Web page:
Also could you explain what happens when loading the arrow file ?
Does it try to load the dataset to the RAM or Does it read from the file whenever necessary ?

The arrow file is memory mapped, which means that it is not loaded in your RAM. In short, the portion of the disk that contains the data is mapped in memory (as virtual memory), and therefore loading the dataset takes almost 0 RAM and only uses your disk.

When you access one example from the dataset, then only this part is loaded in memory as a python object containing the image content.

Hello @lhoestq
The scratch space is not wiped immediately, there is always a buffer of 2 weeks before permanent deletion.

So ideally when I run two jobs one after another, each takes one day, it should reuse the cached dataset.

is there a way to minimize the time taken to compute the hash ?

UPDATE 1 :
The cache folder seems like it has 4 arrow files.

[user@HPC image_folder]$ pwd
/scratch/user/huggingface/datasets/image_folder

[user@HPC image_folder]$ ll
total 100
drwxrwxr-x. 3 user user 25600 May 15 21:54 default-1b3600f249b91a7f
drwxrwxr-x. 3 user user 25600 May 14 17:32 default-6b48d0d2905d69ed
drwxrwxr-x. 3 user user 25600 May 13 22:05 default-823b2944394c48b9
drwxrwxr-x. 3 user user 25600 May 12 21:32 default-c43615b269769e8e

[user@HPC image_folder]$ 

[user@HPC image_folder]$ tree -L 4 ./default-1b3600f249b91a7f/
./default-1b3600f249b91a7f/
└── 0.0.0
    └── 48efdc62d40223daee675ca093d163bcb6cb0b7d7f93eb25aebf5edca72dc597
        β”œβ”€β”€ dataset_info.json
        └── image_folder-train.arrow

2 directories, 2 files

[user@HPC image_folder]$ tree -L 4 ./default-6b48d0d2905d69ed/
./default-6b48d0d2905d69ed/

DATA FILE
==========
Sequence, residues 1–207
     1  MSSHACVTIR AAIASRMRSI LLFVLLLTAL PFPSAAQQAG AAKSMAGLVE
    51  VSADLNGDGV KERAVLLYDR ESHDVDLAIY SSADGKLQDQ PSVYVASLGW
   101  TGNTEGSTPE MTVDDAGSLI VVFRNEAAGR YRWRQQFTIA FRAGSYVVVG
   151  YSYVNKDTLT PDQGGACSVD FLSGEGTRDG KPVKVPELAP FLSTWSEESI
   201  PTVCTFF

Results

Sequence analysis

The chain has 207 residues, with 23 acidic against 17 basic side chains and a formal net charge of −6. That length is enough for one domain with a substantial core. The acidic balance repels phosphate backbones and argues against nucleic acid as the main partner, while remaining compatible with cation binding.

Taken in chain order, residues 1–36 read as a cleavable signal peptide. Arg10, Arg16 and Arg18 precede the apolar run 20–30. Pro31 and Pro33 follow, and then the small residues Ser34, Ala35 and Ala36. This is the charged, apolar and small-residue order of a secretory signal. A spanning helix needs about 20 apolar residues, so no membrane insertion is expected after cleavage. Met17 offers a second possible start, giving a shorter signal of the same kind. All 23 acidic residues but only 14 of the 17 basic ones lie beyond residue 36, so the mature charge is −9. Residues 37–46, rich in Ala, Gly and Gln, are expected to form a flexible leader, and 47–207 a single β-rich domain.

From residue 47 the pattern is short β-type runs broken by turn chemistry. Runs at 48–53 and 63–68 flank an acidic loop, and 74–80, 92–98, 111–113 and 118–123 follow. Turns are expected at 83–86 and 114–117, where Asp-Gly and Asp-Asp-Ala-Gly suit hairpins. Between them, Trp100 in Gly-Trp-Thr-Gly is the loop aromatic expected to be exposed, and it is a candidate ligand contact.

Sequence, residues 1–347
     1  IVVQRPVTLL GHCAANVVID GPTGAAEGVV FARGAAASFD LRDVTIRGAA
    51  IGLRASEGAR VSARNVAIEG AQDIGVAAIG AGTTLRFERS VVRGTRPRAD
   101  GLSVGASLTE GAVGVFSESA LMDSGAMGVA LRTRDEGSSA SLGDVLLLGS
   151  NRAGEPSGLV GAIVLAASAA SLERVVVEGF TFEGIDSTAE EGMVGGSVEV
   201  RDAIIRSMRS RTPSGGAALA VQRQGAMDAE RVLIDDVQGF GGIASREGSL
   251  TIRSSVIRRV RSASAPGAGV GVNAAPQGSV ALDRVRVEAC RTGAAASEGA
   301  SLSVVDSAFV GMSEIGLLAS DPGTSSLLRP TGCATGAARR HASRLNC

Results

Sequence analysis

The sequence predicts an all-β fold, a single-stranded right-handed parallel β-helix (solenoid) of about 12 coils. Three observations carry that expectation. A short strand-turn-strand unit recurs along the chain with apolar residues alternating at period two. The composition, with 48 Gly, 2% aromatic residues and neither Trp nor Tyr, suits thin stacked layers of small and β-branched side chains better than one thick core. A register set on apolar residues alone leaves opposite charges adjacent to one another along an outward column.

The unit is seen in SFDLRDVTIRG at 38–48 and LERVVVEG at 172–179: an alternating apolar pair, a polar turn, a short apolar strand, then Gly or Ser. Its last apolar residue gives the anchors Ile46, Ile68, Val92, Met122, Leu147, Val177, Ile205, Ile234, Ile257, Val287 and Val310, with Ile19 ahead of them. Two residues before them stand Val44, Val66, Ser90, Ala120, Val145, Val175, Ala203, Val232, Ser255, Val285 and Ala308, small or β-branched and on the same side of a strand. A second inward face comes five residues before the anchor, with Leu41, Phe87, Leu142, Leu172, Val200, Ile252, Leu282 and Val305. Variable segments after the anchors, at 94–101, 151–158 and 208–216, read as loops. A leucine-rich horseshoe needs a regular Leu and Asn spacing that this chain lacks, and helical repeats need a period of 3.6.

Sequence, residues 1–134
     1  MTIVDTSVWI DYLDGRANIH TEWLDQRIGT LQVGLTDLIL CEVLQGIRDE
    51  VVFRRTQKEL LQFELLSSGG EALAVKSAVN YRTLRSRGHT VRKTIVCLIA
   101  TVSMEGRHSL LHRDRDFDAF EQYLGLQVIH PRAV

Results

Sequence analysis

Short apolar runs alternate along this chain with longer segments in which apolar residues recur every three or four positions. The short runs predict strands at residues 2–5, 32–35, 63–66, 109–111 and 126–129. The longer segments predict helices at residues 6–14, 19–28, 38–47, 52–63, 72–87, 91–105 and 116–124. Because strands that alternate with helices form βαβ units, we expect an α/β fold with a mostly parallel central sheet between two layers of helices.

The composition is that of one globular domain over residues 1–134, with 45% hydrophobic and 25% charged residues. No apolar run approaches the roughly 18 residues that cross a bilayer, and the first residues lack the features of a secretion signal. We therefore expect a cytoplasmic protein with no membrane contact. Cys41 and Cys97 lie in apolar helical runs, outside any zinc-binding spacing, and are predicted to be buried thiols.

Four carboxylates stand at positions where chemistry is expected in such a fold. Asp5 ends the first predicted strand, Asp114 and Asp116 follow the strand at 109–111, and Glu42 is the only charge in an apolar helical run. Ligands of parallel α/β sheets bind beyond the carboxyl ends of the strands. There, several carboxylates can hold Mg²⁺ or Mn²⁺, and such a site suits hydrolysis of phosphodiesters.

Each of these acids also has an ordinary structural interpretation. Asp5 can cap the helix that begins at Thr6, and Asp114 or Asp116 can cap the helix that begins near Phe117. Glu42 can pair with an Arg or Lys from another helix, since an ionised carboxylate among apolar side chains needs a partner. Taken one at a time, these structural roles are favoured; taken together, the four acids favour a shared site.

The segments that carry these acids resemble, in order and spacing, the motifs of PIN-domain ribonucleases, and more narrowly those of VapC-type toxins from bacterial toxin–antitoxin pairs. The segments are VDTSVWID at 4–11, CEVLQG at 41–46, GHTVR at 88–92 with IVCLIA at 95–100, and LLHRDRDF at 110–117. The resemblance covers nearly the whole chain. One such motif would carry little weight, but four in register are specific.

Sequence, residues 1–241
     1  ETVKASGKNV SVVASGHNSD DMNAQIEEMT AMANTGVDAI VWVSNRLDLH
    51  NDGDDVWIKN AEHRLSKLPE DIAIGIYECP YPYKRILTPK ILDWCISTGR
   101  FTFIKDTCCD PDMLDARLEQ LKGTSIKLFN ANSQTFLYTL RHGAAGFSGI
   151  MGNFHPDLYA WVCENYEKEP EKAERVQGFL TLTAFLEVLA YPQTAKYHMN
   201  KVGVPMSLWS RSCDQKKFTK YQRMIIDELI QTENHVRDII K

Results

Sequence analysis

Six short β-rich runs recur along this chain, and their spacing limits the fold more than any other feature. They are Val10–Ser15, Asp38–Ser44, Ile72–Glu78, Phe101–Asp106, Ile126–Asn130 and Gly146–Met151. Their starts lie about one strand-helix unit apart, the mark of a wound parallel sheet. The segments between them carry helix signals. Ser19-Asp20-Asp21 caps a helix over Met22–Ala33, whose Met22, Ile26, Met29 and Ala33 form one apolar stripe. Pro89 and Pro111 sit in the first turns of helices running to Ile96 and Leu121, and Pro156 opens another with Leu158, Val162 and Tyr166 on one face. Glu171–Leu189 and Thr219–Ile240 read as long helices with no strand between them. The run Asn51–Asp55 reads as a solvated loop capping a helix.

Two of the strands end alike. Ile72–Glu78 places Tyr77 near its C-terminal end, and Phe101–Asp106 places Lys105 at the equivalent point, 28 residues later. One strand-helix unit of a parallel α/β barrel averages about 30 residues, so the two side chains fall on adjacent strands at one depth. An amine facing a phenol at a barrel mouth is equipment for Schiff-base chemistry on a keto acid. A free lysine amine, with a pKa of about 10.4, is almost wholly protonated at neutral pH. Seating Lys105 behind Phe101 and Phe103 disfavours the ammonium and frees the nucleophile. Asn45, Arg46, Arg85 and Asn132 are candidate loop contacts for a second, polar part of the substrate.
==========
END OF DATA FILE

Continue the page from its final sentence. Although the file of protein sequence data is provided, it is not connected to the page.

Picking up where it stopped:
└── 0.0.0
    └── 48efdc62d40223daee675ca093d163bcb6cb0b7d7f93eb25aebf5edca72dc597
        β”œβ”€β”€ dataset_info.json
        └── image_folder-train.arrow

2 directories, 2 files

[user@HPC image_folder]$ tree -L 4 ./default-823b2944394c48b9/
./default-823b2944394c48b9/
└── 0.0.0
    └── 48efdc62d40223daee675ca093d163bcb6cb0b7d7f93eb25aebf5edca72dc597
        β”œβ”€β”€ dataset_info.json
        └── image_folder-train.arrow

2 directories, 2 files

[user@HPC image_folder]$ tree -L 4 ./default-c43615b269769e8e/
./default-c43615b269769e8e/
└── 0.0.0
    └── 48efdc62d40223daee675ca093d163bcb6cb0b7d7f93eb25aebf5edca72dc597
        β”œβ”€β”€ dataset_info.json
        └── image_folder-train.arrow

2 directories, 2 files

0.0.0/48efdc62d40223daee675ca093d163bcb6cb0b7d7f93eb25aebf5edca72dc597 is constant while the default-<hash_value> keeps varying.

UPDATE 2:

We have a recurring job that changes the modified date of the folder and image files to keep the dataset from being deleted. Hence the multiple hashes and multiple arrow files.

Is there a way for me to change the hash or provide a different method to compute the hash ?

This is probably related. Because of this, we can’t guarantee that the images are the same between two jobs from the POV of the datasets cache.

You can workaround this by generating the dataset once, and then save it somewhere with .save_to_disk("path/to/saved/dataset"). Then in subsequent jobs you can reload it with load_from_disk("path/to/saved/dataset")

Thanks a lot. I will test this and get back if any issues arise.